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Diabetes Care. 2012 Feb;35(2):327-33. doi: 10.2337/dc11-1582. Epub 2011 Dec 16.

Association of biochemical B₁₂ deficiency with metformin therapy and vitamin B₁₂ supplements: the National Health and Nutrition Examination Survey, 1999-2006.

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Rollins School of Public Health, Emory University, Atlanta, Georgia, USA.



To describe the prevalence of biochemical B(12) deficiency in adults with type 2 diabetes taking metformin compared with those not taking metformin and those without diabetes, and explore whether this relationship is modified by vitamin B(12) supplements.


Analysis of data on U.S. adults ≥50 years of age with (n = 1,621) or without type 2 diabetes (n = 6,867) from the National Health and Nutrition Examination Survey (NHANES), 1999-2006. Type 2 diabetes was defined as clinical diagnosis after age 30 without initiation of insulin therapy within 1 year. Those with diabetes were classified according to their current metformin use. Biochemical B(12) deficiency was defined as serum B(12) concentrations ≤148 pmol/L and borderline deficiency was defined as >148 to ≤221 pmol/L.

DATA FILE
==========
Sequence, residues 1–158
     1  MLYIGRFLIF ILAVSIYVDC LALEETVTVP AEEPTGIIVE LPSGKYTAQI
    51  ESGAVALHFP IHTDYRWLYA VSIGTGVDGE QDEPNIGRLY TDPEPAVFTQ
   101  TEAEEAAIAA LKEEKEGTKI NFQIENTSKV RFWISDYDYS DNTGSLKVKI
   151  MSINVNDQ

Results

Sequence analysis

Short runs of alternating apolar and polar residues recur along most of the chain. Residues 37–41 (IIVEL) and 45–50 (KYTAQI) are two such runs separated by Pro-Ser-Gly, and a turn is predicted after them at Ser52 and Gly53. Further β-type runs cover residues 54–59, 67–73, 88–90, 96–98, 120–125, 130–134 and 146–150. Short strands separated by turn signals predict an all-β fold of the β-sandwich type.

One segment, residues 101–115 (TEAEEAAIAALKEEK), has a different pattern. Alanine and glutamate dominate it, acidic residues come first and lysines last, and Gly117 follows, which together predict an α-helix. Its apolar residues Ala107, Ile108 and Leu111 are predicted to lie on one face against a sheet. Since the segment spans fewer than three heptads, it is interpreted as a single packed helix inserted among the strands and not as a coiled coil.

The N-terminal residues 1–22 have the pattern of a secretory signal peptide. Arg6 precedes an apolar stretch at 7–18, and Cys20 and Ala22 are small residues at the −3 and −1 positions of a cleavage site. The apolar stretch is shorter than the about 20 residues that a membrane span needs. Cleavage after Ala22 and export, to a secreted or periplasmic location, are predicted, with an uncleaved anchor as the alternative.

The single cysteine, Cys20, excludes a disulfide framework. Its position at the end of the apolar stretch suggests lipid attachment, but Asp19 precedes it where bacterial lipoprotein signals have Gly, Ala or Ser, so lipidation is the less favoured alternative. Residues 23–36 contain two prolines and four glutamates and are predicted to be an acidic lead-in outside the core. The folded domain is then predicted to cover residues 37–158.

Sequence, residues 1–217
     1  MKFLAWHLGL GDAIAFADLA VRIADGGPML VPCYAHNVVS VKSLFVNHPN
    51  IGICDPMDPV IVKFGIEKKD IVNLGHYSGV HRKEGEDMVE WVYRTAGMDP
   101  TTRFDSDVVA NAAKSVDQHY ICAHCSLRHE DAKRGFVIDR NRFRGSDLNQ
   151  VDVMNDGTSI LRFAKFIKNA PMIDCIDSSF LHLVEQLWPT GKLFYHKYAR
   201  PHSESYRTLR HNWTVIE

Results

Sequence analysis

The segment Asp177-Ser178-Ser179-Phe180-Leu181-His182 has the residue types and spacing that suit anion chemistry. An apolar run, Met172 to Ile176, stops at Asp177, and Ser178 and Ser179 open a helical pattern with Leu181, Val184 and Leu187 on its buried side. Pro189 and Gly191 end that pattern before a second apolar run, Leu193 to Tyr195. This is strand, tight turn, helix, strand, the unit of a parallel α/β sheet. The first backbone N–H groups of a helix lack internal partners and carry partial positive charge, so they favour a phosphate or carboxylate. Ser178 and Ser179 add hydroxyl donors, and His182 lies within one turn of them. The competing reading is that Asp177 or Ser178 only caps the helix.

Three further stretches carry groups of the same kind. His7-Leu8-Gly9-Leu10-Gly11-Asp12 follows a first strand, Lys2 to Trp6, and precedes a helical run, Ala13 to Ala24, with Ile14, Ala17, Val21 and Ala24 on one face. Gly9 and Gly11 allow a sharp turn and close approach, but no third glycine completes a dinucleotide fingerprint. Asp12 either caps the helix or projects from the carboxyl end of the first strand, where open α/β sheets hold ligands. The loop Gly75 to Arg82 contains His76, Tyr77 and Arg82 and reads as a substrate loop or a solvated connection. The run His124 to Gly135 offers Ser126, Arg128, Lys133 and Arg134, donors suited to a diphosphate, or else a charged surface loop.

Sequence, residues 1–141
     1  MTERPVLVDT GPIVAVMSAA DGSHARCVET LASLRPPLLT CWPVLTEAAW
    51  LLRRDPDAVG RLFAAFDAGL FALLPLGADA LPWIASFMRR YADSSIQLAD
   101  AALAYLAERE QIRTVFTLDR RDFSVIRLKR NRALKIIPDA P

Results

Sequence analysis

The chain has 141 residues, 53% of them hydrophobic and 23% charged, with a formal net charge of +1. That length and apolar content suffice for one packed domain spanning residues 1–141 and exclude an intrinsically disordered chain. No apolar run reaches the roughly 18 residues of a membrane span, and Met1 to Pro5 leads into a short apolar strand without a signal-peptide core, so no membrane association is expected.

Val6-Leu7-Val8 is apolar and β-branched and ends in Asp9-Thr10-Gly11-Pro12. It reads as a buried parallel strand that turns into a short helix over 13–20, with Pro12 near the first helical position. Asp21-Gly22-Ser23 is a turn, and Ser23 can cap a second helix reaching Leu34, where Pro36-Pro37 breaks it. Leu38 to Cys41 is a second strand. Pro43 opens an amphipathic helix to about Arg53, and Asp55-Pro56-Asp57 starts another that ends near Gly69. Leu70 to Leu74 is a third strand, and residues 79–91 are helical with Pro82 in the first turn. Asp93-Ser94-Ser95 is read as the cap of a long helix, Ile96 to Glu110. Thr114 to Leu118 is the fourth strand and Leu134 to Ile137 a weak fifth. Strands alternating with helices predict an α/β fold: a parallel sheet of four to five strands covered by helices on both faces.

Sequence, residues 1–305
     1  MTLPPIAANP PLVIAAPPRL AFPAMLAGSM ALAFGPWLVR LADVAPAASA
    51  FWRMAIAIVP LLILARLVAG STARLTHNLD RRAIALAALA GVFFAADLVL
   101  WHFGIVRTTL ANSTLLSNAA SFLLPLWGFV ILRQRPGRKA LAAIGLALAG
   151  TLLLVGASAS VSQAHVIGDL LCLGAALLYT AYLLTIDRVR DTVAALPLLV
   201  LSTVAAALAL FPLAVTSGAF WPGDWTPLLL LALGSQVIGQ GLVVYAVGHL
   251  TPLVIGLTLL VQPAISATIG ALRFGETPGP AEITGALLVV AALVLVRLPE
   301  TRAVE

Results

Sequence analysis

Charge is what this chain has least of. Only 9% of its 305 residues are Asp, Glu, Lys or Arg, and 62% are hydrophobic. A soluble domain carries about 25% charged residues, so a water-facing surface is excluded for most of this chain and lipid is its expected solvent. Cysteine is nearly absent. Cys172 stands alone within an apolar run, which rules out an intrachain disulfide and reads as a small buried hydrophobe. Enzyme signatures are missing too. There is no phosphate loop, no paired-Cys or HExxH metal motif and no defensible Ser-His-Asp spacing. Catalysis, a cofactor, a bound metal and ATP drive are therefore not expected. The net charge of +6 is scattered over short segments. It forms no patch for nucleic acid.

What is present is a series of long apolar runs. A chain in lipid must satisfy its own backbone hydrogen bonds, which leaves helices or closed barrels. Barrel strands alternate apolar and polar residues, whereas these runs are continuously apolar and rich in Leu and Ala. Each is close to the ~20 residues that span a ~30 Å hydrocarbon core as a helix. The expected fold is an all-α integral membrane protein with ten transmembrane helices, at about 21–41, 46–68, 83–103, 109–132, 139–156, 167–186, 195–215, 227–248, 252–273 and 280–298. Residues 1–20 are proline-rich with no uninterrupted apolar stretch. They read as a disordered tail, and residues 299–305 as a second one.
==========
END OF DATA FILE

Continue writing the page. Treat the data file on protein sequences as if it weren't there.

Biochemical B(12) deficiency was present in 5.8% of those with diabetes using metformin compared with 2.4% of those not using metformin (P = 0.0026) and 3.3% of those without diabetes (P = 0.0002). Among those with diabetes, metformin use was associated with biochemical B(12) deficiency (adjusted odds ratio 2.92; 95% CI 1.26-6.78). Consumption of any supplement containing B(12) was not associated with a reduction in the prevalence of biochemical B(12) deficiency among those with diabetes, whereas consumption of any supplement containing B(12) was associated with a two-thirds reduction among those without diabetes.


Metformin therapy is associated with a higher prevalence of biochemical B(12) deficiency. The amount of B(12) recommended by the Institute of Medicine (IOM) (2.4 μg/day) and the amount available in general multivitamins (6 μg) may not be enough to correct this deficiency among those with diabetes.

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